The data from the Net Applications for browser market share in August show that Microsoft's Internet Explorer 8 continues to lead overall and outpace all competitors in growth. Even better news is that Internet Explorer 6--the archaic and insecure browser that refuses to die--is losing ground.
Combining all variations of Internet Explorer 8, the flagship Microsoft browser accounts for 32.44 percent of the worldwide browser market--nearly double the second place browser. Firefox has bumped Internet Explorer 6 to take the number two spot.
While Mozilla, and fans of Firefox would love to consider that a victory, the reality is more about IE6 declining than Firefox winning market share. Firefox market share was relatively stagnant, but it managed to scratch its way to the number two position thanks to Internet Explorer 6 falling nearly a percent.
Ryan Gavin, Senior Director of Internet Explorer Business and Marketing, describes the Microsoft strategy around IE6. "As we have said in the past, one of our main missions is to get people off IE6 as fast as humanly possible. And while IE6 was a great browser for its time, we all need the web to move forward. First, this is good for developers who we want to be able to write the same markup across their sites. It's good for consumers who should have the protections afforded by a modern browser. Finally, it's good for the Web, particularly as we look ahead to IE9 and begin to see what's possible."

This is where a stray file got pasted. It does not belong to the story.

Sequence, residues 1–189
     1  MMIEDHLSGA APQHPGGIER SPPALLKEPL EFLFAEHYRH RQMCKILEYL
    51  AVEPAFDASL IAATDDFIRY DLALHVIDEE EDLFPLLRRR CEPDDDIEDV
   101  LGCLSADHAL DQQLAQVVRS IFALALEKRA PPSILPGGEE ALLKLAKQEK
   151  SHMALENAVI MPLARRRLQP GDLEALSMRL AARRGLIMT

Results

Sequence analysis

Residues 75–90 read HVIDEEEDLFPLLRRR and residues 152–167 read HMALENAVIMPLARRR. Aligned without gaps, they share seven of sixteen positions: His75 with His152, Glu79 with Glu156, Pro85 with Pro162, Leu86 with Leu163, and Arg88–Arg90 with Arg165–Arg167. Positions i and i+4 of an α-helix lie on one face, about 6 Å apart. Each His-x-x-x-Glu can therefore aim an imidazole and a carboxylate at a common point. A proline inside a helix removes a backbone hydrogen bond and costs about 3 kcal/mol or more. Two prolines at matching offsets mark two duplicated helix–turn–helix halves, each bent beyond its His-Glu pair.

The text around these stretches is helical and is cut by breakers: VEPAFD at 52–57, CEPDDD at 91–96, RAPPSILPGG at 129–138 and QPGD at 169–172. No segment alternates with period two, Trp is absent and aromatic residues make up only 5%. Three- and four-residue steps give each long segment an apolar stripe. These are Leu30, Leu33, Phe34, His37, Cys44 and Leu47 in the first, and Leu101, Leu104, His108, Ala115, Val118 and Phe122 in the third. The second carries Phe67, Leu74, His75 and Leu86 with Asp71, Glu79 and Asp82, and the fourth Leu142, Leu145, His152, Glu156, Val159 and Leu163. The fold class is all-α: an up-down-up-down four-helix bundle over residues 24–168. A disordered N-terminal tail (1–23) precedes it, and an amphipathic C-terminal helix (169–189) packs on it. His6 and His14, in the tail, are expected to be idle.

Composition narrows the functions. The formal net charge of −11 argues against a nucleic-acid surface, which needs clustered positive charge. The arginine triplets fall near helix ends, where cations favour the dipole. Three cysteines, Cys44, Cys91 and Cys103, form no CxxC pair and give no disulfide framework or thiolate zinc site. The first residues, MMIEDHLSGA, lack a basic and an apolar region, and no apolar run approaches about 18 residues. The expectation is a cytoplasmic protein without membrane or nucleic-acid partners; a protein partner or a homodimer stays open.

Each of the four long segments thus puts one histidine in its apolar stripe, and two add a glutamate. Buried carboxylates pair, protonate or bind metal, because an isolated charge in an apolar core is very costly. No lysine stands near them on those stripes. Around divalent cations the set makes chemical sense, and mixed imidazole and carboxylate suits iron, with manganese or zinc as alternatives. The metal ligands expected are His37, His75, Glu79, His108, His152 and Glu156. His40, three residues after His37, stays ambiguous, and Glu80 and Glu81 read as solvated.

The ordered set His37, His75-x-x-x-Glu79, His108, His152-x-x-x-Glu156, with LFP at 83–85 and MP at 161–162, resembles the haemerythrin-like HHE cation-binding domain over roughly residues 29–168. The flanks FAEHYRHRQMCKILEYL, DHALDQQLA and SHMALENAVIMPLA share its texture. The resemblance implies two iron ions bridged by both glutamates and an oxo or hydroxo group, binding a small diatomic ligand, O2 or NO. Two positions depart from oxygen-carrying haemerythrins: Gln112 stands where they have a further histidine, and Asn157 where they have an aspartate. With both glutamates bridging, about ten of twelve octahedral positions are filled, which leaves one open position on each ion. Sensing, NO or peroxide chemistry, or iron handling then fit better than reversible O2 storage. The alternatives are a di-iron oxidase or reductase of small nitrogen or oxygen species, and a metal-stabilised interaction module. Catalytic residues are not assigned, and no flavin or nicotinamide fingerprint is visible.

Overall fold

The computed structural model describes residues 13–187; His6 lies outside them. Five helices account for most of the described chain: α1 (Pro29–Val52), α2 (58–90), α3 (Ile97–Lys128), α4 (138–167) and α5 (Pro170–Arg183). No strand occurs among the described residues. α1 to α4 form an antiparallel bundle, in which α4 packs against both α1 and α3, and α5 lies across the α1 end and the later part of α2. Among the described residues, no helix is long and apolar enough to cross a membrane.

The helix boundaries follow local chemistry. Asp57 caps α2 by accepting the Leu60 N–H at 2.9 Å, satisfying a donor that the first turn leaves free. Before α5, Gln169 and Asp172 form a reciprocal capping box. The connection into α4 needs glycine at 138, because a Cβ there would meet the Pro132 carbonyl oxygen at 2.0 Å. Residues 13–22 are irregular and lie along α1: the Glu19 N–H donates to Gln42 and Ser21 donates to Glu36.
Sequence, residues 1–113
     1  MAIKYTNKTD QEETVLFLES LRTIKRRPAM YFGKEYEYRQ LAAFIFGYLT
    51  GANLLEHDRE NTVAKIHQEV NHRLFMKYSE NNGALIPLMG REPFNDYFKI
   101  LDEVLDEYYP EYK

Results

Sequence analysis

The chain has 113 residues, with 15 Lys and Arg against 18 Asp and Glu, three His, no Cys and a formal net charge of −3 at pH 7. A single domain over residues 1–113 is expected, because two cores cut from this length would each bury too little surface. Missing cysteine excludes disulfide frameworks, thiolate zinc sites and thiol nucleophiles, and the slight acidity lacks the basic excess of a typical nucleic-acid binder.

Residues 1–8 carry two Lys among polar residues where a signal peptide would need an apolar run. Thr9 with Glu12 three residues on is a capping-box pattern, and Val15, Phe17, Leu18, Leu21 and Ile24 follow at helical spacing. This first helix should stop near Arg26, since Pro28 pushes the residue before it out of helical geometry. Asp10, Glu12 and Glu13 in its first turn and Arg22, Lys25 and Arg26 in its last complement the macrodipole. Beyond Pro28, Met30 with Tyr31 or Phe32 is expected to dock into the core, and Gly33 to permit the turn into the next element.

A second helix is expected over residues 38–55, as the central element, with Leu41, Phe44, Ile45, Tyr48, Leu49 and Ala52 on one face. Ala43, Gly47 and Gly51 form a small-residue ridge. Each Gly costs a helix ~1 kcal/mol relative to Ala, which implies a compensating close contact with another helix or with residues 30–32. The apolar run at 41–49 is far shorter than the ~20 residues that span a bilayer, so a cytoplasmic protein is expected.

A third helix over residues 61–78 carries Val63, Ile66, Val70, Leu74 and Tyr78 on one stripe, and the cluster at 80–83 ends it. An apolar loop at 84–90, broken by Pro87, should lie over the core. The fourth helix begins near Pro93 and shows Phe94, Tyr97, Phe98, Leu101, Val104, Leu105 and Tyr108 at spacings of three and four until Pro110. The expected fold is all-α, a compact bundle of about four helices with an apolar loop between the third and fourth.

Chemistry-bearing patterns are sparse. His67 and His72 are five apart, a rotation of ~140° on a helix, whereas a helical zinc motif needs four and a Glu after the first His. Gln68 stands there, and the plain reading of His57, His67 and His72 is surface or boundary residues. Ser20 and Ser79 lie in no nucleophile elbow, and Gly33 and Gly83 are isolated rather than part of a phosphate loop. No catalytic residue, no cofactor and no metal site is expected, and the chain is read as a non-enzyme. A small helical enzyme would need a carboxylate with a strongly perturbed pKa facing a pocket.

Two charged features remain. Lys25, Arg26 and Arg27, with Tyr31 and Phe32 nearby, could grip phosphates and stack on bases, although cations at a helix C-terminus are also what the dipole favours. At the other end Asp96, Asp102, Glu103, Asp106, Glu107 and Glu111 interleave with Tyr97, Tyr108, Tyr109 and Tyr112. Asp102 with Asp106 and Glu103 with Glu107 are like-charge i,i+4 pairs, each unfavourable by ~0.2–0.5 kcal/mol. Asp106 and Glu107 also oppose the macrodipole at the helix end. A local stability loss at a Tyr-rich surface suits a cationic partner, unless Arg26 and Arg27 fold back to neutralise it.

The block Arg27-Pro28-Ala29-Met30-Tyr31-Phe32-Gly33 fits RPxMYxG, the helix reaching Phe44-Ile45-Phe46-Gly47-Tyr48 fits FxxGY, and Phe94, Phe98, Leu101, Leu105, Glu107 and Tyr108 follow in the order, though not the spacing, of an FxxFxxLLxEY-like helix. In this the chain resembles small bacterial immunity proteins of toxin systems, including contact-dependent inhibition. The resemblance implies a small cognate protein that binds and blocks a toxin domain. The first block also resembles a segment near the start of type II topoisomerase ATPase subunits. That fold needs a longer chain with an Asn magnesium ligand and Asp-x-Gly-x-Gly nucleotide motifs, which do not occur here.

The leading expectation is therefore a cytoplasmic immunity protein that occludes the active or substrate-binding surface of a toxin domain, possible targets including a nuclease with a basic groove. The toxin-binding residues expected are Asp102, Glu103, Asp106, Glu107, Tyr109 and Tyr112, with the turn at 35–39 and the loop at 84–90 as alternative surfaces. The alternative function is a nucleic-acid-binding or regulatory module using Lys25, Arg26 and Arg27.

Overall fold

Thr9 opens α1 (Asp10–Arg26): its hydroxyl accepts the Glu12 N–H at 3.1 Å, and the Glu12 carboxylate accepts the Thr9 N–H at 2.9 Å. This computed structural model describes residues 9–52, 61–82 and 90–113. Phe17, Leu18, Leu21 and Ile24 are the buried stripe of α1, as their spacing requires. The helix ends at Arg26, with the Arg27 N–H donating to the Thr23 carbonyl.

Gavin explains "Today, people on the Web are demanding an even more beautiful web experience. The Internet Explorer 9 Platform Previews continue to generate great buzz among developers and browser enthusiasts, and we have now registered over 2.5 million downloads and 20 million page views to the IE Test Drive Site, our developer site where we show new capabilities in HTML5 and Internet Explorer 9. We are looking forward to even more great things with the release of IE9 Beta this month.
With the gains made by Internet Explorer 8 offset by the losses of Internet Explorer 6, Internet Explorer was down slightly, but still has almost two-thirds of the overall browser market at 60.4 percent. Firefox is in second place with 22.93 percent, and Chrome slides in at third place with a meager 7.52 percent.
Internet Explorer 8 Chrome had a more significant gain than Firefox, though. Google's browser went up a little over a third of a percent, while Firefox was essentially stagnant with a trivial gain of only two hundredths of a percent over the previous month.
In a couple weeks Microsoft is expected to launch the public beta of the next generation browser--Internet Explorer 9. Based on the excitement the platform previews have generated and the preliminary reviews, IE9 will be at least as successful as IE8--making it even more difficult for competing browsers like Firefox and Chrome to gain any significant ground.